Monthly Archives: December 2013


Mission Designation: KK-Ke-0010
Mission Objective: Place two satellites into orbit around Kerbin at opposite 45° orbits.

Science Objective: None. NB: From this point forward Science Objective will no longer be a part of KK mission plans, as the science conducted is either a part of the primary objective or else included in the plan, making this section superfluous.

Mission Plan: The Hercules III rocket will lift off and carry the Andromeda I into a polar orbit. The lighter Andromeda I will be outfitted with a pair of satellites which will be ejected from the main craft over the north pole, and will then perform their own burns to enter their desired orbits.

Crew: Bill Kerman

Status: Mission failure.

Report: The satellites’ design contained a fundamental flaw in that they are very off balanced, and as a result the satellites become impossible to control during any burn with even a fraction over minimal throttle. The first satellite tumbled and ended up on a suborbital trajectory, after which the second satellite was deliberately de-orbited and splashed down; the first crashed into the southern ice cap.

Bill then returned to Kerbin, landing in the desert. He returned to the KSC with his observations of the desert (“Hot and dry, with no snacks as far as the eye could see!”) and a pocket full of sand.

Polar Express

Mission Designation: KK-Ke-0009
Mission Objective: Inaugural flight and test of the Andromeda IIa CSM and Hercules III rocket; perform multiple polar orbits of Kerbin.

Science Objective: Study as much of our home planet of Kerbin from LKO as possible.

Mission Plan: The Hercules III rocket will lift off and carry the Andromeda IIa into a standard equatorial orbit. After achieving this parking orbit, the Hercules upper stage will be used to perform a plane change maneuver to slide Andromeda into a polar orbit. Once achieved, Jeb will perform several EVAs and record his observations of the planet.
Note: For this mission, the upper most stage of the Hercules rocket will be fitted with Sepratrons to effect a de-orbit of the spent stage; normally this clean up of debris would be taken care of by a Munar FRT.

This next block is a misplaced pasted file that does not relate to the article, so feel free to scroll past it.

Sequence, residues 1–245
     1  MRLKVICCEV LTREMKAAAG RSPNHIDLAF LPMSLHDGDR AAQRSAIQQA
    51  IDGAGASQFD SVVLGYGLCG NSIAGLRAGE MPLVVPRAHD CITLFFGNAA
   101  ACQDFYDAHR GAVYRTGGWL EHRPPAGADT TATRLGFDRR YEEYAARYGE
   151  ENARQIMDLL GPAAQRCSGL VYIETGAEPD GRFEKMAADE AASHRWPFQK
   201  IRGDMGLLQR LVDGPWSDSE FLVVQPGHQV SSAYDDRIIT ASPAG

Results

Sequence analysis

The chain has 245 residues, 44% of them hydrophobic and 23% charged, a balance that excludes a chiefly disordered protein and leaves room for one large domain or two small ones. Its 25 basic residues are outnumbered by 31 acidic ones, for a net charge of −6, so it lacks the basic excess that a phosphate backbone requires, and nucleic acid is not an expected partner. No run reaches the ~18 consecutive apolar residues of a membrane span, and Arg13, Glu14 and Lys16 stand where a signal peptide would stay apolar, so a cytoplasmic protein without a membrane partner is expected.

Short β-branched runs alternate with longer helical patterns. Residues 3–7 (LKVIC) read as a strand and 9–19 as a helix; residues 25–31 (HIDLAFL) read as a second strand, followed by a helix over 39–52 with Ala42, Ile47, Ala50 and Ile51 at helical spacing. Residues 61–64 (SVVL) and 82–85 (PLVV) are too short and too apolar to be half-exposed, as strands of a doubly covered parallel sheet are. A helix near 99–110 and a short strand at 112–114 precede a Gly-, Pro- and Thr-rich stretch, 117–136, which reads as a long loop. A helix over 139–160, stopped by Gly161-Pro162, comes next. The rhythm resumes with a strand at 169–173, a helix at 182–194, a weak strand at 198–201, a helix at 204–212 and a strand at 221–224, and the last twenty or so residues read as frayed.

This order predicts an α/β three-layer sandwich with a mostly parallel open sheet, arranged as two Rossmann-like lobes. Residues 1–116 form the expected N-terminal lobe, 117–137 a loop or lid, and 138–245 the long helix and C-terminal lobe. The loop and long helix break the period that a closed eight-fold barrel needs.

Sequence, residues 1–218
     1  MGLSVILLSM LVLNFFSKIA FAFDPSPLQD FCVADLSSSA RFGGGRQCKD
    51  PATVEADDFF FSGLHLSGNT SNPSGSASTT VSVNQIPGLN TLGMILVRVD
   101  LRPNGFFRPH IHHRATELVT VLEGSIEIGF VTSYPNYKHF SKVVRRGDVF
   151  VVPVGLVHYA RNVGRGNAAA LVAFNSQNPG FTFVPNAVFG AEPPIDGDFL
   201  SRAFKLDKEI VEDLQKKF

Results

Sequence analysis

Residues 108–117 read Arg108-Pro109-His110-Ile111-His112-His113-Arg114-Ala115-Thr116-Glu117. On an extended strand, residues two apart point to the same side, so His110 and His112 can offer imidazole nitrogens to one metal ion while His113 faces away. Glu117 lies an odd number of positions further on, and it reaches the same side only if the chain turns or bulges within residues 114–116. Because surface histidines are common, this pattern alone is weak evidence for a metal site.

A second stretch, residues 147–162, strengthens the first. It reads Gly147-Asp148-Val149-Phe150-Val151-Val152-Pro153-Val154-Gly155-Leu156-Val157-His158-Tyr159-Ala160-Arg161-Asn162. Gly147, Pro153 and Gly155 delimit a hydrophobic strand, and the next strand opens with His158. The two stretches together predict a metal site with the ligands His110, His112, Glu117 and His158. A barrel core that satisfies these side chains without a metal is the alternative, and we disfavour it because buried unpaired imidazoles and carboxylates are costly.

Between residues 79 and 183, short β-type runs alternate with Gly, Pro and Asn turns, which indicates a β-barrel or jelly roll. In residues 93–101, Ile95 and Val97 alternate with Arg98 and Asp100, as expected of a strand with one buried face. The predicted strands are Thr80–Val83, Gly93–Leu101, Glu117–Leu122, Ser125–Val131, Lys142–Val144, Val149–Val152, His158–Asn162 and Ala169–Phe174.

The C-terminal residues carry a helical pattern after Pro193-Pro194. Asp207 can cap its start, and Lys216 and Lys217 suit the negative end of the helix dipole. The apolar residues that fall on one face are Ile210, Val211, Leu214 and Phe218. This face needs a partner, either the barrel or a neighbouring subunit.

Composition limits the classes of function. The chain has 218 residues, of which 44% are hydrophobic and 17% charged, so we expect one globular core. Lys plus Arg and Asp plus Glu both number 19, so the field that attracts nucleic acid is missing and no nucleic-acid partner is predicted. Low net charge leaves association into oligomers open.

Crew: Jeb Kerman

Status: Successfully completed.

Report: Mission Control grossly underestimated the amount of ΔV required to shift the capsule from an equatorial orbit into a polar orbit, and the upper stage of the Hercules III rocket — while more than sufficient to do the injection burn into a Munar FRT — fell short of completing the transfer. Mid-burn Jeb ejected the spent upper stage and used Andromeda’s own engine to complete the planned maneuver. Mission Control then planned another burn to bring the final inclination to just under 80°, and Jeb spent several orbits observing the planet he grew up on from a completely new perspective.

Once he had made sufficient observations, Mission Control planned another burn that sent him into a very high orbit — apoapsis over 1.5 Mm — but did not circularize; instead, Jeb was asked to perform the on-board experiments and take additional observations, then performed a de-orbit burn. The entire maneuver was carefully planned to bring him down on the northern ice cap, and after hitting the atmosphere at over 2.8 Km/s that’s exactly where he landed; he performed the final experiment there, took an ice sample, and observed the flat white almost featureless ice cap before finally returning home.

While not a major step forward for science, after the string of failures preceding the previous mission, a newly-designed orbiter and rocket performing flawlessly was exactly the morale-boosting success Kromey Kaerospace desperately needed.2013-12-13_00001